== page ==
Global Warming Project

Global warming is wreaking havoc in Alaska. In recent years scientists have documented melting ocean ice, rising oceans, rising river temperatures, thawing permafrost, increased insect infestations, animals at risk and dying forests. Alaska Natives are the peoples who rely most on Alaska’s ice, seas, marine mammals, fish and game for nutrition and customary and traditional subsistence uses; they are thus experiencing the adverse impacts of global warming most acutely. As noted in the Arctic Climate Impact Assessment of 2004, indigenous peoples are reporting that sea ice is declining, and its quality and timing are changing, with important negative repercussions for marine hunters. Others are reporting that salmon are diseased and cannot be dried for winter food. There is widespread concern about caribou habitat diminishing as larger vegetation moves northward. Because of these and other dramatic changes, traditional knowledge is jeopardized, as are cultural structures and the nutritional needs of Alaska’s indigenous peoples.  In 2006, during the Alaska Forum on the Environment, Alaska Native participants described increased forest fires, more dangerous hunting, fishing and traveling conditions, visible changes in animals and plants, infrastructure damage from melting permafrost and coastal erosion, fiercer winter storms, and pervasive unpredictability.

In the federal court case of Native Village of Kivalina v. Exxon Mobil, NARF represents the Native Village of Kivalina, which is a federally recognized Indian Tribe, and the City of Kivalina, which is an Alaskan municipality, in a suit filed on their own behalf and on behalf of all tribal members against defendants ExxonMobil Corp., Peabody Energy Corp., Southern Company, American Electric Power Co., Duke Energy Co, Chevron Corp., and Shell Oil Co., among others. In total there are nine oil company defendants, fourteen electric power company defendants and one coal company defendant. The suit claims damages due to the defendant companies’ contributions to global warming and invokes the federal common law of public nuisance. The suit also alleges a conspiracy by some defendants to mislead the public regarding the causes and consequences of global warming. In 2009 the Court granted the Defendants’ motion to dismiss on the basis that Kivalina’s federal claim for nuisance is barred by the political question doctrine and for lack of standing under Article III of the U.S. Constitution.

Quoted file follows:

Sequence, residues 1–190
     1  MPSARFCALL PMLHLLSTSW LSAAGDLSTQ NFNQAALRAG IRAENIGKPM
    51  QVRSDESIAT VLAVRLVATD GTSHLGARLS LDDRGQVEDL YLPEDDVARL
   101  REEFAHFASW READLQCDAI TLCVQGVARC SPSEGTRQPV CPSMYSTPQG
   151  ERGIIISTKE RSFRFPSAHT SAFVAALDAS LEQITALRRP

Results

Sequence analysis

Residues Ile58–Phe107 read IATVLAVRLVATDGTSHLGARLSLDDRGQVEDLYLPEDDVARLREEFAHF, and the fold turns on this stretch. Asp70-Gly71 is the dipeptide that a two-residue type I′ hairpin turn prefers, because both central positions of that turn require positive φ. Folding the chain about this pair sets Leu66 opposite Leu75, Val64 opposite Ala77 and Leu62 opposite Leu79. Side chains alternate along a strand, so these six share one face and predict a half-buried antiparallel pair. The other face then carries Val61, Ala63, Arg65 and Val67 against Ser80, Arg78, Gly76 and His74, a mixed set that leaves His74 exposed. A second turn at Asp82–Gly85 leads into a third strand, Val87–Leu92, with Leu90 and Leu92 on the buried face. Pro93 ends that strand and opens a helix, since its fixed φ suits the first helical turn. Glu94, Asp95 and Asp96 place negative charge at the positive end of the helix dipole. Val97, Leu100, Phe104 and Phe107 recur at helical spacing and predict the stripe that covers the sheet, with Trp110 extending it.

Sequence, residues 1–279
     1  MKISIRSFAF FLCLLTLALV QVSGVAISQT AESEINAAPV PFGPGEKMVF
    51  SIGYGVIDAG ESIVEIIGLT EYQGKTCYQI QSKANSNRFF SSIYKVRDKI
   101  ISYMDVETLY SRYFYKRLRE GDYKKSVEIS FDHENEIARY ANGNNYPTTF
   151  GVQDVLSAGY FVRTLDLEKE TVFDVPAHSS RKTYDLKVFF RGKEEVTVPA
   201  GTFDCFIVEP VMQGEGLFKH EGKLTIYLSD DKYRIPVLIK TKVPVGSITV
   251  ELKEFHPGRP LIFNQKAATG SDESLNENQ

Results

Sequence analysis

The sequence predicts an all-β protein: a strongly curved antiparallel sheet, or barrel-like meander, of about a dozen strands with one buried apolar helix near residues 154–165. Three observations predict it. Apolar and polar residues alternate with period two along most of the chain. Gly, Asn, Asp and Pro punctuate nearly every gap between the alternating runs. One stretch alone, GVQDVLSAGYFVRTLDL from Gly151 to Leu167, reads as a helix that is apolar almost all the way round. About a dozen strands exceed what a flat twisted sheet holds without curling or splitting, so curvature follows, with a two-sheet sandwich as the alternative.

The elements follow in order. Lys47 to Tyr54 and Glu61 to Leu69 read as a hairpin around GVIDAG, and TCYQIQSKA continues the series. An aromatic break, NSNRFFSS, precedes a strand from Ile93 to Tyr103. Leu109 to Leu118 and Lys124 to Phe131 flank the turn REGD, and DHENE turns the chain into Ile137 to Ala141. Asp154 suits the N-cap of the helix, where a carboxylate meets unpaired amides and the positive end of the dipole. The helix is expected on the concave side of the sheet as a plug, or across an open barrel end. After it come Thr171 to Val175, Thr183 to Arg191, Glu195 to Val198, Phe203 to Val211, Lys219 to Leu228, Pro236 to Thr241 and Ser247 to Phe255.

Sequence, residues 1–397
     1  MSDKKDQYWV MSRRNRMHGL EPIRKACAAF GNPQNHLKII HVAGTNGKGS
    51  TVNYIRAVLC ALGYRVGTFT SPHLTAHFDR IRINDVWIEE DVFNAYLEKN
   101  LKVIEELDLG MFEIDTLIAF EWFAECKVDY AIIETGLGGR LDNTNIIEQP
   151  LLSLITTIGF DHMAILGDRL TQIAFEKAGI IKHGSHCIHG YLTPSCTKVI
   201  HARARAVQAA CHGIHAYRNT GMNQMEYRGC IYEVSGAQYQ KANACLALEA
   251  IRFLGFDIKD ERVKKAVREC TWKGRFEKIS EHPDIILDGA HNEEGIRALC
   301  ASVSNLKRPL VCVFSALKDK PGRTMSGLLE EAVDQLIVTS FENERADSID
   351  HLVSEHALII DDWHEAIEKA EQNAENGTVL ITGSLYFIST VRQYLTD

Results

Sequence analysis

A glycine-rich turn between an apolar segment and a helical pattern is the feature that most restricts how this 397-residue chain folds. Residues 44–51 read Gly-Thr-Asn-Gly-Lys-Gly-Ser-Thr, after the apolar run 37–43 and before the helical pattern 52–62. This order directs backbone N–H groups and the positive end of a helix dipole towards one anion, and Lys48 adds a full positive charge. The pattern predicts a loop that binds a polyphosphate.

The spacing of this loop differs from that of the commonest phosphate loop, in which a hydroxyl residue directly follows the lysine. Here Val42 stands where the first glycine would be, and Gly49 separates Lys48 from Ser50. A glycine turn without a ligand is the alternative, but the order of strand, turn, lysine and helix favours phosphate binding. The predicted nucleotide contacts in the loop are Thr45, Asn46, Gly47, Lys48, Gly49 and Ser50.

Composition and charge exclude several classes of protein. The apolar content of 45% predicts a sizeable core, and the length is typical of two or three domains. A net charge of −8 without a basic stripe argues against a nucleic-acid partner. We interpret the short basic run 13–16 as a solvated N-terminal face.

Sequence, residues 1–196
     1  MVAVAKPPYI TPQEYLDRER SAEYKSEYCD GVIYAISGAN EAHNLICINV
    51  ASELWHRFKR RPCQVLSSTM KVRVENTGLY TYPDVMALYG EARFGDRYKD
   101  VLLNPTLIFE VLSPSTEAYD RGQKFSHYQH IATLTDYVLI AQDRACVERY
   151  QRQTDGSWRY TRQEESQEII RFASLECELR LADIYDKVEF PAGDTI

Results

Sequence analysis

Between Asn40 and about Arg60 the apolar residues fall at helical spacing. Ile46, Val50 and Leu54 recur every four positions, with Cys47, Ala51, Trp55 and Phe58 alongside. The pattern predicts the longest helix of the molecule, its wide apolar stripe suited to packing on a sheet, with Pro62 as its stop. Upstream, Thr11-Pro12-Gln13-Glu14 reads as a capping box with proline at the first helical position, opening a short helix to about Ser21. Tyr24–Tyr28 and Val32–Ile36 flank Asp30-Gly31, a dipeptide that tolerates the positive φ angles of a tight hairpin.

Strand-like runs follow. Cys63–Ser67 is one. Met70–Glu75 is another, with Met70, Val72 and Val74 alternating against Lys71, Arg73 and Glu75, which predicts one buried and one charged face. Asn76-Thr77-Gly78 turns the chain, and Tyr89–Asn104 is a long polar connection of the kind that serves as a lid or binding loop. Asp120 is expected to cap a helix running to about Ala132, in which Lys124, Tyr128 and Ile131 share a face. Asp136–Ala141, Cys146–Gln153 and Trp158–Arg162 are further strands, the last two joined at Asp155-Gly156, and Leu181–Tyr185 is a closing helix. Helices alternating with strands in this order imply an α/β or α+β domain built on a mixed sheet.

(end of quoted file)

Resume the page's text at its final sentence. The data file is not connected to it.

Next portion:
Appeal was stayed pending the U.S. Supreme Court case, Connecticut v. American Electric Power Company.  In a four-four decision in June 2011, the Supreme Court in Connecticut v. American Electric Power Co., among other things, tied on the standing, political question and prudential question issues.   The holding in Connecticut allows Kivalina’s case to proceed in that we have stated a proper federal common law claim upon which relief may be granted and that the monetary damages relief we seek distinguishes the case from the type sought but disallowed by the Court in Connecticut.  Accordingly, the stay was lifted and oral argument before U.S. Court of Appeals for the Ninth Circuit took place in July 2011.

On September 21, 2012, the US Court of Appeals for the Ninth Circuit rejected our appeal.  The Court held, in a very short and cursory opinion, that the federal Clean Air Act defines the full scope of all federal remedies for air pollution and, since there is no monetary damages remedy under the Clean Air Act, there is no monetary damages remedy under federal common law.  Writing a separate opinion, Judge Pro noted that the most recent case law from the Supreme Court — the Exxon Shipping case (i.e. Exxon Valdez oil spill case), holds the opposite; in his concurring opinion Judge Pro struggles to make sense of the law since older case law would deny Kivalina’s claims while Exxon Shipping says that a federal environmental statute does not bar a federal common law claim for monetary damages.  Based on the separate opinion by Judge Pro, a petition for rehearing en banc was filed on October 5, 2012 but rejected. Plaintiffs filed a timely petition for a writ of certiorari before the Supreme Court and we are waiting for a determination of whether it will be accepted.

Research is also being conducted to bring state law claims to address global warming.

Read More: Protect Tribal Natural Resources